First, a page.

By Brian Vastag
The Washington Post
WASHINGTON — Happy accidents litter the annals of scientific discovery.
Here’s another: NASA probes that are exploring the treacherous twin Van Allen radiation belts encircling the Earth spied a third, unexpected band of radiation that burst into view and then disappeared, scientists report Thursday.
The NASA probes spotted the temporary band of high-energy electrons just three days after launch.
The discovery has stunned scientists and is forcing a rethink of the radiation environment above Earth, with implications for proposed human deep-space missions.
In 1958, early NASA satellites recorded two zones of dangerous electron and proton radiation extending 12,000 miles beyond Earth. Named for scientist James Van Allen, the dual donut-shaped regions were the first major discovery of the space age.
Last Aug. 30, NASA launched the twin Radiation Belt Storm Probes - since renamed the Van Allen Probes - to provide a deeper understanding of the region. A radiation-detection instrument was scheduled to be switched on a month later, but mission scientists decided to turn it on early.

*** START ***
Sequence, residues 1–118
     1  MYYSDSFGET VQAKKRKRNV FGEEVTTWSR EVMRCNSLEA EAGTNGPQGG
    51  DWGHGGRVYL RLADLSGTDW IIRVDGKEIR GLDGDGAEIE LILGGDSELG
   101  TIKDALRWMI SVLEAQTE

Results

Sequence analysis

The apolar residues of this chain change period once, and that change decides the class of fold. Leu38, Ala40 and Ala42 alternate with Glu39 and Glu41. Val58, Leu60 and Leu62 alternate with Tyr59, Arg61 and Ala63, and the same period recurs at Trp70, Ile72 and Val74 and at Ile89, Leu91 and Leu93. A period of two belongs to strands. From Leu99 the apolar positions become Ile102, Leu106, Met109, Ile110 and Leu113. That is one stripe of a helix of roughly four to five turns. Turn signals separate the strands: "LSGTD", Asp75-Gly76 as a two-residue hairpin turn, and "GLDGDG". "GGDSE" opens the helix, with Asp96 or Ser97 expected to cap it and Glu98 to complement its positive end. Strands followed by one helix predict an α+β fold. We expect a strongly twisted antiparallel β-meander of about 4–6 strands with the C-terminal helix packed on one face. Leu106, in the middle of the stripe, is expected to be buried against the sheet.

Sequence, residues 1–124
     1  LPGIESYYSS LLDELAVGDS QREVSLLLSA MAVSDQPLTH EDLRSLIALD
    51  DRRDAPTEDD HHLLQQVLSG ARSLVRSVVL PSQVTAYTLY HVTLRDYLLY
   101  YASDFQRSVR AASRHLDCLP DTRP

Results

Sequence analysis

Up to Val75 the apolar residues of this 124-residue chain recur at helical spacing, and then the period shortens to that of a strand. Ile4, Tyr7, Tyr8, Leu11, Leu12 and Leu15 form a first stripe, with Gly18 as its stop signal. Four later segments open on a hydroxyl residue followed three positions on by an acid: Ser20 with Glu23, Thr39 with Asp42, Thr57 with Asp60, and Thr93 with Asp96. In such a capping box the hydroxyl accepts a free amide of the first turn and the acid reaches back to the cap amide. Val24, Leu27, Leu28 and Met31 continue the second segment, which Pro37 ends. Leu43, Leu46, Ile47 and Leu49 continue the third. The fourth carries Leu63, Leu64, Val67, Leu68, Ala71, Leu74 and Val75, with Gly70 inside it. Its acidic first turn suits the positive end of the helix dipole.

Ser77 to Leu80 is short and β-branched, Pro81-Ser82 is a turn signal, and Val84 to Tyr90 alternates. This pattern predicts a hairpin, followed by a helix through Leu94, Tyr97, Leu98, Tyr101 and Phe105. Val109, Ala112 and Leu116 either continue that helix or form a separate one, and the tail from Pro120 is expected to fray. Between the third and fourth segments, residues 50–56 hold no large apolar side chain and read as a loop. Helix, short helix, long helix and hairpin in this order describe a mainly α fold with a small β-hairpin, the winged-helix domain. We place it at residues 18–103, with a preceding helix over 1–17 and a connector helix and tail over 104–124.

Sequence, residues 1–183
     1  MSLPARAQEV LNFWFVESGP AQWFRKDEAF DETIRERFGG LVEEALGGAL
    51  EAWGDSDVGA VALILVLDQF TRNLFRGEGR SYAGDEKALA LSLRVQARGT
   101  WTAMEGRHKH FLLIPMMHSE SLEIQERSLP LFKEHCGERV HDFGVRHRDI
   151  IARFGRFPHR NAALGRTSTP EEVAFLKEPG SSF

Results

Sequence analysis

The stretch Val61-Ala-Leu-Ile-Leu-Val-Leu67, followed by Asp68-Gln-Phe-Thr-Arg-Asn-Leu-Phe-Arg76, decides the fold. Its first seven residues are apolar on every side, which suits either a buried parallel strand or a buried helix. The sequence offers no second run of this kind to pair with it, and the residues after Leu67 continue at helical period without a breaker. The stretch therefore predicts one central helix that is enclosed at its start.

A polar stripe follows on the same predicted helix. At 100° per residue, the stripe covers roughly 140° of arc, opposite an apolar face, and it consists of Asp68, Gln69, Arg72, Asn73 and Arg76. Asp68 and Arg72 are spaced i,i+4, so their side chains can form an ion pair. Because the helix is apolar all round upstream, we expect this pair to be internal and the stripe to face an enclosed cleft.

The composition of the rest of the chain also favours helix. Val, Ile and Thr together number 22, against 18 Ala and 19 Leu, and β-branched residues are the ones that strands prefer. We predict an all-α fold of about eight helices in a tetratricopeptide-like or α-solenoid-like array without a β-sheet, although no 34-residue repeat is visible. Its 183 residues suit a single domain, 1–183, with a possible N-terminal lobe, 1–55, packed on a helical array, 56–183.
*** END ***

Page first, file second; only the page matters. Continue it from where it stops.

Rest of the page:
Three days after launch, and just a day after the instrument powered up, the third belt appeared.
“We initially thought, ‘This looks odd, maybe something’s screwed up with our instrument,’” said Shri Kanekal, a mission scientist at NASA’s Goddard Space Flight Center in Greenbelt, Md. “But as days went by [the third belt] just stood there. We checked our instrument and became more and more confident there was not something wrong.”
The third belt, which formed between the two known belts, disappeared about a month later when a blast of energy from the sun blew past Earth. Such solar weather can warp and compress the outer Van Allen belt, but earlier missions had never seen a third belt form.
Researchers are now puzzling over the temporary band of high-energy electrons. They’re trying to understand why it did not quickly merge with the outer belt, as predicted by current understanding of the physics of the region.